A quiet revolution is happening that has, for the most part, gone under-reported. The number of contemporary co-operative or complementary currencies operating in the world has grown exponentially from a mere handful in the 1980s to more than 4,000 mature systems worldwide today. They are more prominently in use in Latin America, Australia, Japan and continental Europe than in the United States, although the current economic downturn is resulting in a significant increase in America and globally. The oldest written record of an operational co-operative system still in use today is found in Bali, Indonesia. The island-wide system was first documented in A.D. 826, and it's believed the system was thriving for centuries prior to that date.

A diverse monetary ecology is what is needed to stabilize the global economy, and not to have the continuing pattern of booms and busts. The current flowering of co-operative complementary systems and other monetary innovations has tended to be in small pockets, driven by struggling local economies. With social media, Internet access and cheaper computers however, these ideas are spreading expediential.

As futurist John Naisbitt noted, "Change occurs when there is a confluence of both changing values and economic necessity, not before.

BERNARD LIETAER is an international expert in the design and implementation of currency systems. He co-designed and implemented the convergence mechanism to the single European currency system (the Euro) and served as president of the Electronic Payment System at the National Bank of Belgium (the Belgian Central Bank). He has studied and worked in the field of money for more than 30 years in an unusually broad range of capacities including as a Central Banker, a fund manager, a university professor, and a consultant to governments in numerous countries, multinational corporations, and community organizations. He co-founded and managed GaiaCorp, a top performing currency fund whose profits funded investments in environmental projects. A former professor of International Finance at the University of Louvain, he is currently a Research Fellow at the Center for Sustainable Resources of the University of California at Berkeley.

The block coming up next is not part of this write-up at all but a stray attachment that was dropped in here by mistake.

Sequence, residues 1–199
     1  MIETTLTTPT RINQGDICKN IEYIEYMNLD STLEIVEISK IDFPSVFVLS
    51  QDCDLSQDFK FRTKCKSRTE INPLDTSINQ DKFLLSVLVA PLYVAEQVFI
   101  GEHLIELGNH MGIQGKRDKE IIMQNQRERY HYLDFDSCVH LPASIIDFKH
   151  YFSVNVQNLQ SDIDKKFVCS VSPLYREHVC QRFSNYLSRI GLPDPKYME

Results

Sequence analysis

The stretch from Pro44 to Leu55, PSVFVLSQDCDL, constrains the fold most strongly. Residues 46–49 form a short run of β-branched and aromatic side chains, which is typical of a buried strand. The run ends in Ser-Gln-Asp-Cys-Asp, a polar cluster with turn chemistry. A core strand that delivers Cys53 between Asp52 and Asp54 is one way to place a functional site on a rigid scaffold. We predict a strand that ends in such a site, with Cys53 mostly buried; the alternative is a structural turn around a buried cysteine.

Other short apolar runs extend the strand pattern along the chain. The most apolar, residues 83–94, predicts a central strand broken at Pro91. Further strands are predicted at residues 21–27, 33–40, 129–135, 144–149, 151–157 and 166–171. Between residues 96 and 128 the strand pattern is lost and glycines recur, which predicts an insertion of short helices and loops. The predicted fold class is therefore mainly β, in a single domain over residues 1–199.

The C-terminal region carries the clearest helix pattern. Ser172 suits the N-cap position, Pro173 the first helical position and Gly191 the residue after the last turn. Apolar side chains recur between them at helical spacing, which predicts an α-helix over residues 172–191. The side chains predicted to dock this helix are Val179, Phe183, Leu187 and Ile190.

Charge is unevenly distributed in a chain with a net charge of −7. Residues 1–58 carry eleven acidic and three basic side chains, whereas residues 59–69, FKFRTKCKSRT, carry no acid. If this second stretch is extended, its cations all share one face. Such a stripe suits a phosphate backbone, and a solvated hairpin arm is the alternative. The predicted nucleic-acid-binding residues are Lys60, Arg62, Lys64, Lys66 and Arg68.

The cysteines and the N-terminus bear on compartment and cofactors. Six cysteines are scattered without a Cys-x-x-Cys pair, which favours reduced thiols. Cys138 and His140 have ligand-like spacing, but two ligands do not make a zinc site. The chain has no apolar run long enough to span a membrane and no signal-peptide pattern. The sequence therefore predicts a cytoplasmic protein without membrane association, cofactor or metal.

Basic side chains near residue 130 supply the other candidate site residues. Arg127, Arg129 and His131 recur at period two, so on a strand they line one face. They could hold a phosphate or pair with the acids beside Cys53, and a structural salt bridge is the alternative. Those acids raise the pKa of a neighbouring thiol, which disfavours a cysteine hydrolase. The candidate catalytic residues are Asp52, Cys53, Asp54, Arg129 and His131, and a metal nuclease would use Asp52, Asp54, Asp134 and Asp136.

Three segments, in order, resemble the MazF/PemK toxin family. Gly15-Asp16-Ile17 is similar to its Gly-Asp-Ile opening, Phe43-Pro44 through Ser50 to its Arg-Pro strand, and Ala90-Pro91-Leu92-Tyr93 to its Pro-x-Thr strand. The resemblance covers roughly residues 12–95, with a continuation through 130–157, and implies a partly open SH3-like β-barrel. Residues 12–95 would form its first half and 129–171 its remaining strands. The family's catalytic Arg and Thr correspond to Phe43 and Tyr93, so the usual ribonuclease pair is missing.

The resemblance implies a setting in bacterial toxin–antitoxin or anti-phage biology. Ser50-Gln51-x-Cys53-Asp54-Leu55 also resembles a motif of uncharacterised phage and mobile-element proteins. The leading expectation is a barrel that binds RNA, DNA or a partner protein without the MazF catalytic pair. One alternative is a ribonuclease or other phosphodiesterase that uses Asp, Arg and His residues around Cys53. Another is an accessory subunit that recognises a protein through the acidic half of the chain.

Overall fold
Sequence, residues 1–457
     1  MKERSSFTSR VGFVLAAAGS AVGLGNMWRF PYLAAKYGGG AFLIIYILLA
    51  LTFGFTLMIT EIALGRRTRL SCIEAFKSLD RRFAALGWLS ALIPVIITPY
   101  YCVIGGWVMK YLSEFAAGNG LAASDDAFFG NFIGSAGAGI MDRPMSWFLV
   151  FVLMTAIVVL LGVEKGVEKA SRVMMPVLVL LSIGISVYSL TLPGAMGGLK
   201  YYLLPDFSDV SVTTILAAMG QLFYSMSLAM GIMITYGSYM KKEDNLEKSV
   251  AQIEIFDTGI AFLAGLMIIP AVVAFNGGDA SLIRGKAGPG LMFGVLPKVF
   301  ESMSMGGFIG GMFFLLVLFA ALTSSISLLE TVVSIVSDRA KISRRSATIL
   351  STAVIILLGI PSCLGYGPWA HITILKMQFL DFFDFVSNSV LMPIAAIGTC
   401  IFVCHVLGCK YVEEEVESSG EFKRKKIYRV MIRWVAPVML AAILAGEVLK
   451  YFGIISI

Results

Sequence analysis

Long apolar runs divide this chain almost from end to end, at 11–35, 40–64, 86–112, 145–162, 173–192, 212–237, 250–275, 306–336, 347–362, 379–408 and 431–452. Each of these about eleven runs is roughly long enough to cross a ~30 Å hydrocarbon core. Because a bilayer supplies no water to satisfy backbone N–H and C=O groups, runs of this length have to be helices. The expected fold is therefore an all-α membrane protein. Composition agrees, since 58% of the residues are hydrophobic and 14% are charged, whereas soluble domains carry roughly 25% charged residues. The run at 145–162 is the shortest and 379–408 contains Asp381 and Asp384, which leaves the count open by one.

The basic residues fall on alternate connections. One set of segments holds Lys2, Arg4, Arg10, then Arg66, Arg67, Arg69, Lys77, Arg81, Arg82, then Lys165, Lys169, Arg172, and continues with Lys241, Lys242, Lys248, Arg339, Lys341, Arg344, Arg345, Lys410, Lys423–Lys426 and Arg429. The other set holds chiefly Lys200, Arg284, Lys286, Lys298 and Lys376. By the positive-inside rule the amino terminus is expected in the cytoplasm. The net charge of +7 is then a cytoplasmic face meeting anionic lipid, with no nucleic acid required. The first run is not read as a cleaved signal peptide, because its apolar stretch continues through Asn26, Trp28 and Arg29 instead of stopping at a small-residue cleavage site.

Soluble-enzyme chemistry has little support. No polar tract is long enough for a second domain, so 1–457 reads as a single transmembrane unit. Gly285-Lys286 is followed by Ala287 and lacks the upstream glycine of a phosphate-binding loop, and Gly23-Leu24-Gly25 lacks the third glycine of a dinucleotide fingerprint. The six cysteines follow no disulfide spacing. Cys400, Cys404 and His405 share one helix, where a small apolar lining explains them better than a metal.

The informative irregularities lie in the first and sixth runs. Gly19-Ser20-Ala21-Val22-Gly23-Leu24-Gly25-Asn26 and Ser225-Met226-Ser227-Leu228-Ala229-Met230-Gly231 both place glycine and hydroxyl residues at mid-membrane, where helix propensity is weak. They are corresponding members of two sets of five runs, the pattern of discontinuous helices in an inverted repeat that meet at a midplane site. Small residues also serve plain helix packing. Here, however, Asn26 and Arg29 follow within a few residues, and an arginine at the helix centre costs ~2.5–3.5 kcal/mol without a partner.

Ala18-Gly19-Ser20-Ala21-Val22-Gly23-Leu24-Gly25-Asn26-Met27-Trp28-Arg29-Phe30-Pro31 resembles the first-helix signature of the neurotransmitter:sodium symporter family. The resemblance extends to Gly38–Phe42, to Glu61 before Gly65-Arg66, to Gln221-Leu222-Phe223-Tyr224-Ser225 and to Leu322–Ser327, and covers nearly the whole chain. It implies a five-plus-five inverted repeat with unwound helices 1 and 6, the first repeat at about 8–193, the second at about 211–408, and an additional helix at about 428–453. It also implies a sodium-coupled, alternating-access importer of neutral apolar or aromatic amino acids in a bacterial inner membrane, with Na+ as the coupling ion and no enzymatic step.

JACQUI DUNNE is an award-winning journalist from Ireland, founder and CEO of Danu Resource, and an emerging leader in helping entrepreneurs develop technologies and initiatives that restore the earth's equilibrium globally. The company serves as a fiscal agent for funding, and works as the interface between the donors and the projects. Danu's unique value is its ability to work from a future reference point that draws out the greatness, and builds upon the strengths, of both the donor and the recipient, thus creating a flourishing paradigm shift for a quadruple bottom-line: people, planet, profits and power within.